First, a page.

How do place cells learn about the environment? It has long been known that the place cells use visual information such as landmarks and optic flow. But how the visual information is being transformed from an representation as seen by the eyes (egocentric) into representation of the world (allocentric) in the hippocampal formation is as yet unknown. By simultaneously recording from a large population of neurons in the two areas we are addressing some of these questions.
Saleem, Harris, Carandini, Submitted
(DiI stain of electrode tracks in visual cortex and Hippocampal area CA1 , from Saleem et al. in prep.)
VISION DURING ACTION
Vision is one of the most commonly studied areas of the brain. However, our understanding of vision is limited to when one is sitting in a fixed spot. Little is know about vision during movements such as walking or navigation.
Many naturalistic visual stimuli cause an almost instinctive behavioural response. For example, an object looming towards our eye causes us to instinctively blink. Such responses are innate and do not require any learning. In collaboration with the Solomon Lab, we explore 'visually evoked' behavioural responses in rodents, and investigate the neural underpinnings of such innate behaviours. (More Info)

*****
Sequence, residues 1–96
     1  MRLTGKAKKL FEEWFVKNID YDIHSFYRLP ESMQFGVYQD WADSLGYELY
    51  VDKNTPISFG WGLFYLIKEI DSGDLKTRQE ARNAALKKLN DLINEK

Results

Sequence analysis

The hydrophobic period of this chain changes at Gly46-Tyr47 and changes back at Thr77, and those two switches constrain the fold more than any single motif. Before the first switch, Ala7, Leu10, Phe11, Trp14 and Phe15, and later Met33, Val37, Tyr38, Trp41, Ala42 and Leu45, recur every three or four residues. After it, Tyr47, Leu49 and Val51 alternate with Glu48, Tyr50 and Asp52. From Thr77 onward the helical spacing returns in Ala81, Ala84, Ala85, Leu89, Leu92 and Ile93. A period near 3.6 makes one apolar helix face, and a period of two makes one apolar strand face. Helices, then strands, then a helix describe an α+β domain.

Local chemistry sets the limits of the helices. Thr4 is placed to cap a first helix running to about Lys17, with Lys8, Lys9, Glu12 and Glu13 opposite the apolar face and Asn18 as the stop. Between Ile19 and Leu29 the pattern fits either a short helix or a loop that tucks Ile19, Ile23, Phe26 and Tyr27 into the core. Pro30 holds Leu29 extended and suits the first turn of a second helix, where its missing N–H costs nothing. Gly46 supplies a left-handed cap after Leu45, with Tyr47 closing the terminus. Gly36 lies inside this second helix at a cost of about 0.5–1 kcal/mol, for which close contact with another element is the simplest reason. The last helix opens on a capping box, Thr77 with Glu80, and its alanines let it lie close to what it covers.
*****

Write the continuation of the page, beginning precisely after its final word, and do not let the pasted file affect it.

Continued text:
De Franchesci, Vivattanarsarn, Saleem*, Solomon*,Current Biology, (2016).
Saleem*, Longden*, et al, Journal of Neuroscience (2012).
Image taken by Aman in the backwaters of Kerala, India (2014)
NEURAL CODING IN POPULATIONS
With new technologies we now are able to record simultaneously from large populations of neurons from single or multiple areas. Part of our research focus is to understand how signals regarding the world are encoded by populations of neurons.
Rossant, Kadir, et al, Nat Neuro, 2016
Schovinck et al, J Neurosci, 2015
Saleem, et al, Nat Neuro, 2013;
Benucci et al, Nat Neuro, 2013;
Busse et al, J Neurosci, 2011;
Image from Rossant et al, Nature Neuroscience, 2016
MEMORY REPLAY AND SLEEP
During sleep or rest, there are often re-activations of sequences of cell firing, most commonly place cell firing. These sequences follow the order of activations of the same cells during awake experience, and are though to be 'replay' of a previously experienced memory. Some of these sequences simulate path through yet unexplored regions of space. In collaboration with the Barry and Spiers labs, we investigate the replay and preplay of memories during sleep.
Related publications: H F Olafsdottir*, C J Barry*, A B Saleem, D Hassibis, H Spiers, eLife, 2015